12. Even Job claimed, at the end, that God’s purpose could not be thwarted…
    “”I know that You can do all things, And that no purpose of Yours can be thwarted.” Job‬ ‭42:2‬ ‭NASB‬‬
    …and in James 5 we see that the purpose of the Lord was accomplished, with the commentary that He is merciful and full of compassion, not evil and malicious.
    “We count those blessed who endured. You have heard of the endurance of Job and have seen the outcome of the Lord’s dealings, that the Lord is full of compassion and is merciful.” James‬ ‭5:11‬ ‭NASB‬‬

    If we read the end of the story, and are willing to open our eyes to the truth, then it isn’t so mysterious…

  13. mike fitzpatick // February 1, 2017 at 3:51 am // Reply

    another encouraging thought: Lucifer has NO ACCESS TO GOD by going in front of HIM to accuse any longer (ie:, ‘…wentt back and forth….’to acccuse….’ Since the finished work of the cross he has been cast down for the long while until the very few ‘not yets’ have been- ‘been done’ All the BEEN DONES far out number the ‘not yets’…mike

    • richard elson // April 11, 2017 at 10:34 am // Reply

      Are you sure the accuser is denied access to the judge? I thought that only happened in corrupt societies where the relatives of the judge were protected from justice.

      God the judge listens to all accusations.

      Our Father has provided a way to stand in court and be unprocecutable.
      He provides an advocate and councilor.
      If we know our new relationship to Satan, listen to the councillor, and say what Jesus says, it’s “case dismissed”.
      God the Judge finds us “Justified”

      This process will continue until everything is made a foot stool for Jesus.
      We make these foot stools. . . By Faith.

  14. Robins Gausi // February 1, 2017 at 4:41 am // Reply

    beautiful!!!……..pure new wine, paul your my brother indeed….continue the good work

  15. Thank you, thank you, thank you…and most importantly thank God for the good in the story of Job. Yes, “bad religion” is a terrible thing.

  16. Richard Burrows // February 1, 2017 at 5:20 am // Reply

    Well, well, well! This is our first disagreement! First let me say I know the beautiful love of my Heavenly Daddy – most precious, powerful, life transforming knowing that there is, and have no conflict over the fact that HE brings problems into my life. First, God absolutely did initiate satan’s torment of Job and therefore is responsible. Second, everyone quotes 2 Chron.7:14 but nobody knows how God accomplishes getting us on our faces before Him (vs.13), “when I…). And how bout “I will use Syria as a whip against My people”. And Paul’s thorn in the flesh was given him to keep him humble. It certainly wasn’t the messenger of satan that wanted Paul humble.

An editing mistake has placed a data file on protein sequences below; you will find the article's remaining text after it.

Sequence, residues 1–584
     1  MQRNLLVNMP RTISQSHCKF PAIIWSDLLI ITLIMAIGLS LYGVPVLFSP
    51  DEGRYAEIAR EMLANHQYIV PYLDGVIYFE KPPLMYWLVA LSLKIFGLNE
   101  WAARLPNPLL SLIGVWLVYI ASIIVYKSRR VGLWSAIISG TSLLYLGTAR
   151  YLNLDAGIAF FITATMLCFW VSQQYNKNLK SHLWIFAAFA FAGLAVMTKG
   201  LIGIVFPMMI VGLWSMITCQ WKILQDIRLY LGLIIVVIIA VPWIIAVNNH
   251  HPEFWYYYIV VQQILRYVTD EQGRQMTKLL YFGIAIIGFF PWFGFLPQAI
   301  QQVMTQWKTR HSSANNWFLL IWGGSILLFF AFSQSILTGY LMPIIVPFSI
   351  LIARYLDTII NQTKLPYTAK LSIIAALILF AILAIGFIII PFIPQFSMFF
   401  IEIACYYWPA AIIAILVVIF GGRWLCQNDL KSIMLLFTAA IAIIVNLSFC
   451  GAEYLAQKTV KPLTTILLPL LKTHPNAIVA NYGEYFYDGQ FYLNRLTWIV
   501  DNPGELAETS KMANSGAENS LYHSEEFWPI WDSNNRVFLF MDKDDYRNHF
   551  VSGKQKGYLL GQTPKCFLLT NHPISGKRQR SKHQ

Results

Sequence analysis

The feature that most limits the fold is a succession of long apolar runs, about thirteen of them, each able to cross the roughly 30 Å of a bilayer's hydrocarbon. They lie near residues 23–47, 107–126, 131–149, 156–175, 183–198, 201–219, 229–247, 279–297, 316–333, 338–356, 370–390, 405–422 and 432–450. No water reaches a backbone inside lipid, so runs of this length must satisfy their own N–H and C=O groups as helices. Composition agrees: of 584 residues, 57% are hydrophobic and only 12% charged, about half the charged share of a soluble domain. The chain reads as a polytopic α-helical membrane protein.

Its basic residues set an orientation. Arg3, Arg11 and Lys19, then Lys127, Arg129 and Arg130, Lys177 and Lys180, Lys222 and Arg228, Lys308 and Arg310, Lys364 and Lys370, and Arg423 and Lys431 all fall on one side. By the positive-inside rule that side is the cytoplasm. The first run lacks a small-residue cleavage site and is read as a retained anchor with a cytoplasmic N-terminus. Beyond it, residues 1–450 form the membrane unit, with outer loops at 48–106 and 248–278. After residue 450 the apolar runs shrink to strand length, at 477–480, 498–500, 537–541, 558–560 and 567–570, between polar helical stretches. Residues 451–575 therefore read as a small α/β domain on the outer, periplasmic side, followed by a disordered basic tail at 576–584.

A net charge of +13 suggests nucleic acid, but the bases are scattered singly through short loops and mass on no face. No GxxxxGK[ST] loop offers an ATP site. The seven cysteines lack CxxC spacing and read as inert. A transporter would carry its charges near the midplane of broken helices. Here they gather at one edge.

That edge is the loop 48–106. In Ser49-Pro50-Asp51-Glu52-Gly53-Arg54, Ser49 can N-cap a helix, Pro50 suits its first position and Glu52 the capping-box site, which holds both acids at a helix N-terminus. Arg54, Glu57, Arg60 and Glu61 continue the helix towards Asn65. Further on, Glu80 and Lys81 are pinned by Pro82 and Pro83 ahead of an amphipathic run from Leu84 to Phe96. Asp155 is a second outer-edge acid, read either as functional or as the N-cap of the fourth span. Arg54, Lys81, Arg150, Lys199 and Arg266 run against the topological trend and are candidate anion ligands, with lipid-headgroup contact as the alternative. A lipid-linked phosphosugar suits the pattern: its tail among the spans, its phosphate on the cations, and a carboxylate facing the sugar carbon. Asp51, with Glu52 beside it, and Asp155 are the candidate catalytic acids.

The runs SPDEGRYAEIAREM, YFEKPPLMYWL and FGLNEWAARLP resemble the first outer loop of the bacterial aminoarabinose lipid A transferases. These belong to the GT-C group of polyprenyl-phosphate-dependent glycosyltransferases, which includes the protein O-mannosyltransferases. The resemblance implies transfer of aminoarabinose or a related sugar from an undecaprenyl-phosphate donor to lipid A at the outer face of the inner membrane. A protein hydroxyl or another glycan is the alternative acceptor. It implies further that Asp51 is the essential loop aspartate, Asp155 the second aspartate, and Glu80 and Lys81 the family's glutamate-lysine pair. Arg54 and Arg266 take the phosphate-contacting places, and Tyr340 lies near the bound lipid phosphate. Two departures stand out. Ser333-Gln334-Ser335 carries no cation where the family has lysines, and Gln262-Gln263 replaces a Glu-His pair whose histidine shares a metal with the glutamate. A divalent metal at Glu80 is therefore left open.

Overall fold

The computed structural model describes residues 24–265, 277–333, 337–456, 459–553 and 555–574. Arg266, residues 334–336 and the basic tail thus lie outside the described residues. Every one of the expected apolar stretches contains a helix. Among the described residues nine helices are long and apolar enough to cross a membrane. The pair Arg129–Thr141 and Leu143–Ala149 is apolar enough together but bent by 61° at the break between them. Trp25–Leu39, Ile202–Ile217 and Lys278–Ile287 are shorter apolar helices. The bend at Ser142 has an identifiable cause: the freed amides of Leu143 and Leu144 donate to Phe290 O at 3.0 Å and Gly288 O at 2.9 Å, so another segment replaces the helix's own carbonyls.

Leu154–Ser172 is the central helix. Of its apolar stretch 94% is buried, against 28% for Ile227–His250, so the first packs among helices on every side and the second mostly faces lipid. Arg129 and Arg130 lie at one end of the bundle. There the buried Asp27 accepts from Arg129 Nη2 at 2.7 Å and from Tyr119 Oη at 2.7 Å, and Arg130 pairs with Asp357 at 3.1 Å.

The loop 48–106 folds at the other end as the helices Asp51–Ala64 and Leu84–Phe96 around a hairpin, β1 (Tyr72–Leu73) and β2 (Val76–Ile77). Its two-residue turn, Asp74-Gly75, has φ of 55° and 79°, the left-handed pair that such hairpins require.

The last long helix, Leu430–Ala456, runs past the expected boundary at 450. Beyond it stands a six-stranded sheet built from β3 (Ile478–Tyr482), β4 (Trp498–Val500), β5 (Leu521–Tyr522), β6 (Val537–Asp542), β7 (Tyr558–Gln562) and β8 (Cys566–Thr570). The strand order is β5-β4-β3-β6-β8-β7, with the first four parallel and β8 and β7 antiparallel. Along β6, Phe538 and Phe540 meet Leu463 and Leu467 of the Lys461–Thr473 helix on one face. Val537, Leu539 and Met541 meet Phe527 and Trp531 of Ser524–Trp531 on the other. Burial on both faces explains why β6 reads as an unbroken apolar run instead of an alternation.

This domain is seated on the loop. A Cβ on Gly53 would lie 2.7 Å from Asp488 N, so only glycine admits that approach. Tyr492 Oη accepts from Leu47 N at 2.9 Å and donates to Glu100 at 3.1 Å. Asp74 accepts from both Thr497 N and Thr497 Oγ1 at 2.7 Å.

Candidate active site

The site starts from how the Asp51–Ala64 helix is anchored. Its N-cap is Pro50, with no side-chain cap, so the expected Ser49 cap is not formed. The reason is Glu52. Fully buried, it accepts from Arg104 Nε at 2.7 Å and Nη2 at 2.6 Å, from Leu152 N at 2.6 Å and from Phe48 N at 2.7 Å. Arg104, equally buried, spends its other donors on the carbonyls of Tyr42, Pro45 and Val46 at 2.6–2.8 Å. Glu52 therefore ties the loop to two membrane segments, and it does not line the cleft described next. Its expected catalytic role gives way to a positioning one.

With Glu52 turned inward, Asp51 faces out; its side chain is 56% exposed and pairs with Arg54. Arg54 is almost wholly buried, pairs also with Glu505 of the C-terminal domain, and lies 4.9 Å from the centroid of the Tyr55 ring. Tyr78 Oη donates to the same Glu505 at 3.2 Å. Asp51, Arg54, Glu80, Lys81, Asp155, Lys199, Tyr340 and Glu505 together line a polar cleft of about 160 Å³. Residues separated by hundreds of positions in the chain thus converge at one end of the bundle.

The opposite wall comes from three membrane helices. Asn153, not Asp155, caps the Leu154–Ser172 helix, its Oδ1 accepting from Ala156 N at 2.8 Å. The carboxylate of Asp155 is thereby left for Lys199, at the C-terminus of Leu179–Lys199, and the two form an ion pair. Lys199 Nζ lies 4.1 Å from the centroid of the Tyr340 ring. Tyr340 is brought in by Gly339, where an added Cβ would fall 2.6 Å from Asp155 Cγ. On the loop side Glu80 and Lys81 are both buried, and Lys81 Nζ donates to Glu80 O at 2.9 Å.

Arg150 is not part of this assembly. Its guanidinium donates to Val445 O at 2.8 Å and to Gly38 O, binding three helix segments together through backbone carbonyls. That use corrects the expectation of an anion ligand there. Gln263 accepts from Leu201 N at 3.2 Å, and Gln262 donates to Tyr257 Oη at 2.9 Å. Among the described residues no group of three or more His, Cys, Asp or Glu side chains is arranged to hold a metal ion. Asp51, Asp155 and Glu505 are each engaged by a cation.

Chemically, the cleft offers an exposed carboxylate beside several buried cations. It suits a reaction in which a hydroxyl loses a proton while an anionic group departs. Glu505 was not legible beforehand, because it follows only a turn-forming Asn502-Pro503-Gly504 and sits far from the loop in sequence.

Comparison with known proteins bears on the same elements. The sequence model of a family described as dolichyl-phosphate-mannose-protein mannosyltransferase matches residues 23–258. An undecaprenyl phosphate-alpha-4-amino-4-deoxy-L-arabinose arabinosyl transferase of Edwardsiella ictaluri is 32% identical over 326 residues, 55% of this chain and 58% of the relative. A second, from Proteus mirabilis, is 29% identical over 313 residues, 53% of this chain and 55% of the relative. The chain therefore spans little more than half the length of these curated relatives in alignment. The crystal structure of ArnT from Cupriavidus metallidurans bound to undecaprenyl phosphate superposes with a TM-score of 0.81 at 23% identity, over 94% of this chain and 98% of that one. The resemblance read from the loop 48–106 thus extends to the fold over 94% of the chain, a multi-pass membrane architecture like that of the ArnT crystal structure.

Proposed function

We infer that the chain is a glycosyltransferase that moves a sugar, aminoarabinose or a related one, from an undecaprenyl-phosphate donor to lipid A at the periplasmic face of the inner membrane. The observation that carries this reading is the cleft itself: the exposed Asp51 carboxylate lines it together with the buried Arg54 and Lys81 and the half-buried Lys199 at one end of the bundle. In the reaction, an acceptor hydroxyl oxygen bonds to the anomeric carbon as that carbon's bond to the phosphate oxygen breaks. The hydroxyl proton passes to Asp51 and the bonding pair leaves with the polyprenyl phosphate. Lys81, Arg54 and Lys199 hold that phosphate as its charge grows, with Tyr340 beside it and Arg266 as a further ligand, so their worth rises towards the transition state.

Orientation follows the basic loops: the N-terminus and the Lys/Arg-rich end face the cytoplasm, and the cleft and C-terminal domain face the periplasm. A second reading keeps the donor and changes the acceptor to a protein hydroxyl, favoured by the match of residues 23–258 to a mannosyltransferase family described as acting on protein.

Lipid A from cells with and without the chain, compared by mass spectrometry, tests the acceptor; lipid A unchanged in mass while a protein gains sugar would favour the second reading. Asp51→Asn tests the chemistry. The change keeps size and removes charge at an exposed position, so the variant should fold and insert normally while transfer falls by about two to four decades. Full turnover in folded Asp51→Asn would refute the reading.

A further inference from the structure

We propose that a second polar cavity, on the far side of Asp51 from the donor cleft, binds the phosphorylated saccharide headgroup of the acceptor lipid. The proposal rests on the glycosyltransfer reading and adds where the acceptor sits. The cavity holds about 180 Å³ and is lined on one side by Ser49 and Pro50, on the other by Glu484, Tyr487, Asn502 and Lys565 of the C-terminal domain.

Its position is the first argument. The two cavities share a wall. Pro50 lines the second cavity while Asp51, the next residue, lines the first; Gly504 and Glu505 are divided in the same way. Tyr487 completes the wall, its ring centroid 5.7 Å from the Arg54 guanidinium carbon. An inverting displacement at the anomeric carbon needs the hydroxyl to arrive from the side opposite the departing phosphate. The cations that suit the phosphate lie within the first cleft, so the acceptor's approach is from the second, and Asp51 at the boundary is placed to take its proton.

• Brandon Petrowski // February 1, 2017 at 5:55 am // Reply

      God didn’t tell Satan to go torment Job. God was putting Job forward as an example of someone who was righteous. Satan retorted that Job wouldn’t be so great if he wasn’t blessed by God. All God did was allow that to be tested. God didn’t tell Satan to test Job. Satan wanted to prove God wrong. I realize you may think that is splitting hairs or semantics, that it amounts to the same thing because God didn’t “protect” Job from Satan’s torment. Remember, man is responsible for sin and suffering in the world when Adam and Eve chose to deviate from God’s plan. Satan wouldn’t have had that opportunity if it wasn’t for the fall of man. God’s hand at work in the world is hinged to man’s cooperation. C.S. Lewis said, “Without God, we cannot. Without us, He will not.”

      • Marjorie // March 9, 2017 at 4:15 pm //

        Hi Brandon, I did a search on the word “considered” in Hebrew, where God asks Satan if he has considered His servant Job. The word actually means, “Do you have it on your heart?” It is Satan that wants to test Job, not God. God tells Satan that Job is already in Satan’s hand (because of events in the garden of Eden). The word “is” is written in italics which means it is an existing state. God didn’t turn Job over to Satan. Adam and Eve did by forfeiting the authourity that God had given them. I fervently sought the Holy Spirit on this Job issue and this is what He said to me: “There is no mystery hidden in the story of Job. That event was an all out war between Satan and Me. Satan wanted me to destroy Job so that he could put a stop to our relationship. This story revealed MY TRUE CHARACTER. I am merciful and loving toward my children. I have never desired to put disease on them, to kill them or to harm them in any way at all.. Satan was trying to manipulate Me into doing something evil so people would believe I do those things. My nature is to Bless; Satan’s is to curse. I did not initiate that attack, nor did I allow it to happen. That is who Satan is and how he operates. That is why I had to send Jesus! ( John 3:16 )